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Teenage Dating Slang All Parents Should Know

I remember my dad complaining about certain music stars in my youth. He’d say they used alliteration, such as “Ba-ba-ba-baby” because they couldn’t hold a note to save their lives. Other times, he’d ask me to define a slang word. He’d lament that listening to my generation speak was like hearing a foreign language. The fact that I could restate the same argument about the colloquial terms of his own generation never seemed to alleviate his frustration with mine. If you’re the parent of teens, you’ve likely heard words you didn’t understand. At the dinner table, in the car or when passing by your child’s room during his or her vid chat with a friend, you might be confused by lingo. This is especially true concerning teenage dating slang.

Talking doesn’t mean talking anymore

One of the most common words in teenage dating slang is, “talking.” If you’re a baby boomer, you might say you were talking to your friend’s husband the other day. Such a claim might cause your teenage son or daughter to raise an eyebrow. That’s because “talking” no longer means talking. In the teen world, talking refers to sort-of-kind-of-almost-but-not-really dating someone. This would obviously be highly inappropriate in reference to your friend’s hubby. “Mom was talking to so-and-so’s dad!” ::kids show shocked facial expressions::

Teenage dating slang that sounds Halloweenish

If someone “ghosts” your son or daughter, it’s  similar to the baby boomer version of, “ditching.” In today’s teenage dating slang, when someone “ghosts” someone, it means he or she suddenly ended a relationship. The problem is: He or she never informed the other person in the relationship. This can obviously cause hurt feelings, especially if your son or daughter had strong feelings for this “ghost.”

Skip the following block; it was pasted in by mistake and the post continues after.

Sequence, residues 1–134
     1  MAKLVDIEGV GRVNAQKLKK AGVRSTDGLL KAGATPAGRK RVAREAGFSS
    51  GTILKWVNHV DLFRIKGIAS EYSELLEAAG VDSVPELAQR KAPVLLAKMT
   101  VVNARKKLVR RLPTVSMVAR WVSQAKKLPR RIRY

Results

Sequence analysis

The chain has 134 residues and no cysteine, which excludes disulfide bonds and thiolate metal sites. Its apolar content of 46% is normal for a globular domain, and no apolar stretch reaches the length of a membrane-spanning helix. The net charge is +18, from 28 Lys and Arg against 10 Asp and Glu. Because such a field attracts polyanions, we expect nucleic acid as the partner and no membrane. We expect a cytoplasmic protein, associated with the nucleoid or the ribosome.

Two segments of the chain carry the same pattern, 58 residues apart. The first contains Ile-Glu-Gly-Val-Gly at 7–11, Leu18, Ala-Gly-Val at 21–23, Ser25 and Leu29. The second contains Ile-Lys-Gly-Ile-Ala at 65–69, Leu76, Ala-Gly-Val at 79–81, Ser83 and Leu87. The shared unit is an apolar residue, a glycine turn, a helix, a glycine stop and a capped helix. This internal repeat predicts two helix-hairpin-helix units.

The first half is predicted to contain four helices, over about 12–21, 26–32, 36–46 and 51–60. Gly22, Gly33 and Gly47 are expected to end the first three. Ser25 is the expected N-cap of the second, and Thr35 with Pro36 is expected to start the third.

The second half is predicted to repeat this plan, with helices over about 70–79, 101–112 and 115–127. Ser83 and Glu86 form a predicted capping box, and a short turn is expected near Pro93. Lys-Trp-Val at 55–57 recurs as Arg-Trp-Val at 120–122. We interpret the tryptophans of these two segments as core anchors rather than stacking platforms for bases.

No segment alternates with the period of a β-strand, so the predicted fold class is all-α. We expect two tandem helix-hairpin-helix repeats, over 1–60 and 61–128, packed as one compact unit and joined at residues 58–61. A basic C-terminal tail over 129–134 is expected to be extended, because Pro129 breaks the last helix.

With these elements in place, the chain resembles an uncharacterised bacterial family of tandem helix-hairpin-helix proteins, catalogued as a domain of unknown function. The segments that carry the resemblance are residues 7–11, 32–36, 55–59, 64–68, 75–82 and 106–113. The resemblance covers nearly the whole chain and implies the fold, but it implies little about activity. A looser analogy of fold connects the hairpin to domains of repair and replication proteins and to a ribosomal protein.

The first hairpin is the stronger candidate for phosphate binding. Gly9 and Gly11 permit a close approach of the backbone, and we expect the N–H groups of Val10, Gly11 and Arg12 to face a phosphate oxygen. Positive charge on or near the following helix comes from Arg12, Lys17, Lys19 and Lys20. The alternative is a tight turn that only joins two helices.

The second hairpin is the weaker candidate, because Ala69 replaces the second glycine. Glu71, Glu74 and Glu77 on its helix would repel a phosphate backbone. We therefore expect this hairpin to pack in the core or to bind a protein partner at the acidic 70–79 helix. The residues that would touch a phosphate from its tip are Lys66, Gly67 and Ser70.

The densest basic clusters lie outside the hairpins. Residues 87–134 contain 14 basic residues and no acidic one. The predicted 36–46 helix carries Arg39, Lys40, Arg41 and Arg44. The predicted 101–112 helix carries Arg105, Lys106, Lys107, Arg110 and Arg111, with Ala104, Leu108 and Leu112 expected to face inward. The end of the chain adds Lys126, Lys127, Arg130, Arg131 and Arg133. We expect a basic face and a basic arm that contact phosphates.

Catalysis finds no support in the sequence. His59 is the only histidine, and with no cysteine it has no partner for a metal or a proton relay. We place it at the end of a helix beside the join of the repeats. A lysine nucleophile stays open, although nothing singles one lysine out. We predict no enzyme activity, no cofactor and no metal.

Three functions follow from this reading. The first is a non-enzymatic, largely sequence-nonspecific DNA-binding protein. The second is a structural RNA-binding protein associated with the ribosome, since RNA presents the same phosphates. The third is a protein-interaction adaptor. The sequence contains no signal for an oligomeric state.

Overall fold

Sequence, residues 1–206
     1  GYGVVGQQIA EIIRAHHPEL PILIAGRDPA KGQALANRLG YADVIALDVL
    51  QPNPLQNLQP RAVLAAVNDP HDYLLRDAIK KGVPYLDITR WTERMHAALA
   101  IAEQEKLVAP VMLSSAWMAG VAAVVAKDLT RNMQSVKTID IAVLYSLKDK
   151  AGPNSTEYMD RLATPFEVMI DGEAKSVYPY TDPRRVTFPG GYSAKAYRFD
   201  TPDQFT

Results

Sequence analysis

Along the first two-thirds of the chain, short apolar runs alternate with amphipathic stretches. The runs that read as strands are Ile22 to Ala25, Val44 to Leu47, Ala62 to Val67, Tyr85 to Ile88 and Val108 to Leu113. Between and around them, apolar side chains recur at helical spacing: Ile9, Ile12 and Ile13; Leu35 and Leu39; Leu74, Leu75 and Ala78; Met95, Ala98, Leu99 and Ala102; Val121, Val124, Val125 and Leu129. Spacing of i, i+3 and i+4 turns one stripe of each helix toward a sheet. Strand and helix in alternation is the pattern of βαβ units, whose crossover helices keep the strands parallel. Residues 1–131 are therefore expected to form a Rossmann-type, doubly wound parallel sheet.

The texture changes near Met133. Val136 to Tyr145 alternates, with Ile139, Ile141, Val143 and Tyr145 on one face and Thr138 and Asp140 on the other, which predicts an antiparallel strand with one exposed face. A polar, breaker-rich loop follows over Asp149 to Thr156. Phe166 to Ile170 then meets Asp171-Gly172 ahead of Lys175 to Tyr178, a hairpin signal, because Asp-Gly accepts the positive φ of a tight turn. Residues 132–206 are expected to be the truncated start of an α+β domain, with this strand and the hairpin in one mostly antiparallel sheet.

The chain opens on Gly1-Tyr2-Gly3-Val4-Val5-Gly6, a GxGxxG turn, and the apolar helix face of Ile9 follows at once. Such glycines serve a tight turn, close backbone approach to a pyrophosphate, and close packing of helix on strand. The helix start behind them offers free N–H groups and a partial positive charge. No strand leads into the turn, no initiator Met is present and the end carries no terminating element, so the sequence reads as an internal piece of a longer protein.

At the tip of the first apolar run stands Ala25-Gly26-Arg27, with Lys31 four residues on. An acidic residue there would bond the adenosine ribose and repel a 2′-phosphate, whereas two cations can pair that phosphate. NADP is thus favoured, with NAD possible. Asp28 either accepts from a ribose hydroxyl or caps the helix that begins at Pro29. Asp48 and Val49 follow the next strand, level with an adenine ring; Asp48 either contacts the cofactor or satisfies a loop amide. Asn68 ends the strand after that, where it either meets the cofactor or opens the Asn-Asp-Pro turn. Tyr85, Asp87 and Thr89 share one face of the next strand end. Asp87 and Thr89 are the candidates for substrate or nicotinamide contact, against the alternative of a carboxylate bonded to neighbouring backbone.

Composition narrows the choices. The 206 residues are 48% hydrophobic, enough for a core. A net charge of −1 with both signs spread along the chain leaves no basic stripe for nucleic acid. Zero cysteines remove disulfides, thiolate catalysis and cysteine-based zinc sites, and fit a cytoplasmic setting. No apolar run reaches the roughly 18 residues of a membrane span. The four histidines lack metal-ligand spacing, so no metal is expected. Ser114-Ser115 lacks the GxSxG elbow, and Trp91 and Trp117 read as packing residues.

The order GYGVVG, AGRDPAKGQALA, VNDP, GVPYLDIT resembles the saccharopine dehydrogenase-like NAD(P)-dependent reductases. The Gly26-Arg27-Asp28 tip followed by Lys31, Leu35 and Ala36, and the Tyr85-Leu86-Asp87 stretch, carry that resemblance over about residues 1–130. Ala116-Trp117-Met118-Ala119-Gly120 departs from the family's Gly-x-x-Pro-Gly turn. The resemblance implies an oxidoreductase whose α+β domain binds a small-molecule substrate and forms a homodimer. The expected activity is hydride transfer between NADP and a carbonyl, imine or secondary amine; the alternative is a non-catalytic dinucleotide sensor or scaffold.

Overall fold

“Haunting” is even worse than ghosting. In fact, it can become a serious legal problem. The teenage dating slang that refers to haunting essentially means the same as “stalking” after a break-up. Parents should be highly concerned if a teen has ended a dating relationship and the other party continues to “haunt” him or her.

What do freckles and cuffing have to do with dating?

When brushing up on your teenage dating slang, be aware that the words “freckles” and “cuffing” refer to seasonal relationships. The latter is synonymous to handcuffing. It means that two teens are “clinging” to each other to keep from being lonely during the winter. When warmer weather rolls around, teens might “curve” their cuffs (I.e., Reject, drop,or ditch) in favor of “freckling” over the summer.

Freckling means dating in a carefree manner without implied commitment. It’s a trend that typically occurs on summer break and is called such because, like freckles, these relationships fade away when autumn arrives.

Teenage dating slang includes sexually explicit emojis

You carefully monitor your teenager’s social media activity, right? Do you know that teenage dating slang often includes a secret code of emojis? Many emojis denote sexual terms or activities. If you notice water droplets, peaches or eggplants sprinkled throughout your teen’s text messages, Instagram or Snapchat, beware!

Nowadays, people use these and other emojis as teenage dating slang. I won’t get into what they mean here, but if you read this post, you’ll be brought up to speed. You might even consider yourself fluent in today’s dating language by the time you’re done.

It’s good to know how to decipher teenage dating slang

You’ll undoubtedly encounter many challenges as you navigate your children’s teenage years. You’ll survive. I promise. Just remember that your highest priority is their well-being. Staying updated on teenage dating slang and other cultural terms and activities can be a gateway to valuable communication. It can also help you develop a close relationship with your kids.

Good parenting often involves having to make decisions your teens might not like. For instance, if you start seeing a lot of eggplant and water droplet emojis on their social media accounts, you might be inclined to restrict their electronic device usage. (Read that article I linked earlier and you’ll know why.) With love and support, you can make it through the teenage years. Some day, you’ll look back on it all in a nostalgic way and cry happy/sad tears. You’ll also likely say you’d do it all again if you had to because you love your kids so much.

Published by Hot Mess Press